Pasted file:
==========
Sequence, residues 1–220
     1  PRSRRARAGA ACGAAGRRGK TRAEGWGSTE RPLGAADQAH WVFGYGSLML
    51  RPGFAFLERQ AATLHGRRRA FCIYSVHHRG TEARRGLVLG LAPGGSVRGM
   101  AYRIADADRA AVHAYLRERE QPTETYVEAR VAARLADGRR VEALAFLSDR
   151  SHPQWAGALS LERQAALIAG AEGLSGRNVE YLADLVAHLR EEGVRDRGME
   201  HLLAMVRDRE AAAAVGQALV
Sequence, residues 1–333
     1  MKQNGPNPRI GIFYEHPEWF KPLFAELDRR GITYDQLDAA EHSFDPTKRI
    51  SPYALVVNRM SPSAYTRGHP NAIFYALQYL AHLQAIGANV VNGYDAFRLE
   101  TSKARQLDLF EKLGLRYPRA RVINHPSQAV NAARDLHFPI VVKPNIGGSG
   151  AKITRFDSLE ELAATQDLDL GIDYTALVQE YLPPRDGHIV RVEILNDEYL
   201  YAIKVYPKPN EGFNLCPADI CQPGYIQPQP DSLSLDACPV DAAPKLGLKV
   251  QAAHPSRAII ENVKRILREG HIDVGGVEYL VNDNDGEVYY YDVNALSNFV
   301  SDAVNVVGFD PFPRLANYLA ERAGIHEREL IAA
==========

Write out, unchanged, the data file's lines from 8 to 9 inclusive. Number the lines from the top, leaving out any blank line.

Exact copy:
     1  MKQNGPNPRI GIFYEHPEWF KPLFAELDRR GITYDQLDAA EHSFDPTKRI
    51  SPYALVVNRM SPSAYTRGHP NAIFYALQYL AHLQAIGANV VNGYDAFRLE